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Sorry Vegetarians, Meat Could Be the Reason We Evolved from Apes

According to a new study from Harvard University, using stone tools and eating raw meat may be what caused human beings to evolve from apes.
Phoebe Hurst
London, GB

With all those slaughterhouse horror stories and scary health warnings swirling around your head each time you make a ham sandwich, vegetarianism seems to have a lot going for it. Evading cancer and maybe even a guilt-free conscience to boot—what's not to like?

But according to a new study from Harvard University, eating meat may be what caused human beings to evolve from apes. Put that in your tofu "brisket" and smoke it, self-righteous veggies!


Published in Nature journal, Harvard researchers state that the use of stone cutting tools to eat raw meat provided essential nutrients that helped early man develop into the high-functioning species we are today. And Donald Trump.

READ MORE: The Original Paleo Diet Was Full of Carbs

While previous research suggests that the invention of cooking allowed humans to ingest the extra nutrients needed for brain development, the new study argues that this may have happened long before our ancestors used fire to heat food.

According to the study, around 3 million years ago, early man added meat to his vegetable-based diet, using stone tools to cut the flesh into bite-sized pieces. This saved him around 2.5 million chews each year because while raw meat may harder to masticate, it "requires less masticatory force to chew per calorie than the sorts of generally tough plant foods available to early hominins."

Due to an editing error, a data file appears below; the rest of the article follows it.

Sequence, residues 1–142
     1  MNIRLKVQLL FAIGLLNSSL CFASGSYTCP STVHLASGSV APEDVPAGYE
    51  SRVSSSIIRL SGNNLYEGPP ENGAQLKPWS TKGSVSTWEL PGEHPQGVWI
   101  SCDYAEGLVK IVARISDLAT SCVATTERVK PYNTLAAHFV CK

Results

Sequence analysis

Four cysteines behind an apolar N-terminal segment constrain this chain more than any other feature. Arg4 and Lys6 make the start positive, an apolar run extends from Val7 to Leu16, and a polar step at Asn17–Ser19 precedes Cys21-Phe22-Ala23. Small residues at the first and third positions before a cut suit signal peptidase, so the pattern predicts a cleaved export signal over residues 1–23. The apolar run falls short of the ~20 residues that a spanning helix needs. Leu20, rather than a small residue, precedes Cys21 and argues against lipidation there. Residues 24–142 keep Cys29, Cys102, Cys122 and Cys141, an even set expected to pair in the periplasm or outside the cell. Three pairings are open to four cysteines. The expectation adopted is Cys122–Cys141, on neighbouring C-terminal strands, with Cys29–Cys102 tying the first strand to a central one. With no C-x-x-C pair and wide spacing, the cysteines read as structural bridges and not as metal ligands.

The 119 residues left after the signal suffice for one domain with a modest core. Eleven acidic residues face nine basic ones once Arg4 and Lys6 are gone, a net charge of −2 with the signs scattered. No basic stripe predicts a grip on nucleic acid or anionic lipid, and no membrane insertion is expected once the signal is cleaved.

Instead of spending all their day chewing on vegetables, early man sliced meat into manageable pieces for a quick hit of energy.

Study co-author Daniel Lieberman explained: "Most other animals, like reptiles, barely chew their food—they just swallow it whole. The evolution of the ability to chew food into smaller particles gave mammals a big boost of extra energy because smaller particles have a higher surface area to volume ratio, allowing digestive enzymes to then break food down more efficiently."


To test their theory, Lieberman and fellow researchers fed a group of adults samples of the vegetables that would have been available to early man, as well as raw, sliced goat—the meat most similar to the type of undomesticated game birds our ancestors would have eaten. They chewed each sample and spat out the results for researchers to analyse how well the food had been broken up before swallowing.

The results showed that eating a diet of one-third sliced meat, alongside pounded plant materials meant that early man would have needed to chew 17 percent less often and 26 percent less forcefully.

This led the study to conclude: "We further surmise that meat eating was largely dependent on mechanical processing made possible by the invention of slicing technology."

READ MORE: This Virtual Reality Slaughterhouse Could Turn You Vegetarian

Needing to chew less may be what caused humans' chewing apparatus to evolve, explaining why we have smaller teeth—and bigger brains—than other primates.

Lieberman also said: "We went from having snouts and big teeth and large chewing muscles to having smaller teeth, smaller chewing muscles, and snoutless faces. Those changes, and others, allowed for selection for speech and other shifts in the head, like bigger brains."

Of course, as numerous studies show, eating like a caveman isn't great for our modern-day brains so it's probably best not to dismiss vegetarianism entirely.

Seitan tastes nicer than raw goat, anyway.